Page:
I was amused with the Harold the Giant character who is a short giant, standing at only 5'7''.  But then, it's not polite to draw attention to a person's physical deficits.

I also liked a reference to the classic version of The Day the Earth Stood Still.  Pinkwater quotes my dad's favorite scene.  So I actually had to call my dad and read aloud a portion of chapter 61 (very short chapters!).

Logically, I did know that the book way playing with some excellent concepts (like finding a sense of belonging) and the book remixed some folkstories and touches on American history in inventive ways.  And trying to explain the content of the book is a humorous endeavor all it's own.  I can see why someone could fall in love with this book or other of Pinkwater's 100-ish publications.  His writing just doesn't seem to be for me.

And now I'll be forced to feel like an outside among all my peers and teachers because I may be the only one whose immediate reaction to Pinkwater's books is WTF instead of YAYZ!

Dinner Conversation:

"It surprises me how many people don't know there are different planes of existence.  Well, it's not really surprising that you don't know if no one ever explained it to you, so I will do that now" (p. ix).

"I myself came from another plane of existence to this one...Well, it's true that I can't absolutely prove I come from another plane.  However, if you go to the library and get ahold of encyclopedias and National Geographics and certain books, you can find an article with pictures of a typical-looking Inuit, a typical-looking Northern European, a typical-looking Mongolian, a typical-looking Banut, Korean, Australian, Moroccan, and so on...all different types.  All different in minor ways, and all similar in most ways.  It is interesting.  What you will not find is a picture of a girl with cat whiskers and sort of catlike eyes.  That is, until they take a picture of me" (pp. x-xi).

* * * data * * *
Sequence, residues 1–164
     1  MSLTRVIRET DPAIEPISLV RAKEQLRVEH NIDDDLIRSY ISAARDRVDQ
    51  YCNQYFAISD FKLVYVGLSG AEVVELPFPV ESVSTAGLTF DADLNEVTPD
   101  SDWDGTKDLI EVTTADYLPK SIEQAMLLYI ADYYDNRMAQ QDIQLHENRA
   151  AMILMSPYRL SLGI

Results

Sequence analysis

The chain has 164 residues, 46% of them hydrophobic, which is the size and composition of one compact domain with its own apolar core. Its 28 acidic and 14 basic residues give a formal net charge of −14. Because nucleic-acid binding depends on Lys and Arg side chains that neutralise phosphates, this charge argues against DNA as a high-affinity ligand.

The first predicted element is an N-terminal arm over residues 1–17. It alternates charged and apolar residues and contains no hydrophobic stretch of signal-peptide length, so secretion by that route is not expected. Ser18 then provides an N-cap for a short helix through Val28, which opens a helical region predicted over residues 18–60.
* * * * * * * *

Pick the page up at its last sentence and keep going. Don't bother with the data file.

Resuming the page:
"...Did they make you come to this hospital because you notice things other people don't?"
"No.  I'm actually nuts," she said.  "They put me here hoping to cure me of it."
"And are they doing you any good?" I asked.
"Not really.  I'm hoping it goes away by itself.  My name is Molly" (p. 11).

"Now, it is a fact that even if you have worked out logically that the odds are vastly in favor of life on other planets, even if you have had experience that supports the idea that travel between worlds is not only possible but common, and even if you have actually seen or otherwise had personal experience of spacecraft or flying saucers, when someone else claims to have had an encounter your first thought is to check out whether they are crazy" (p. 32).

Tasty Rating:  !!

1.  Adventures of a Cat Whiskered Girl
2. The Red Pyramid
3.  Children's Folklore
4.  The Invisible Man
5.  Hate List
6.  Plum Spooky

No comments:

Post a Comment


Related Posts with Thumbnails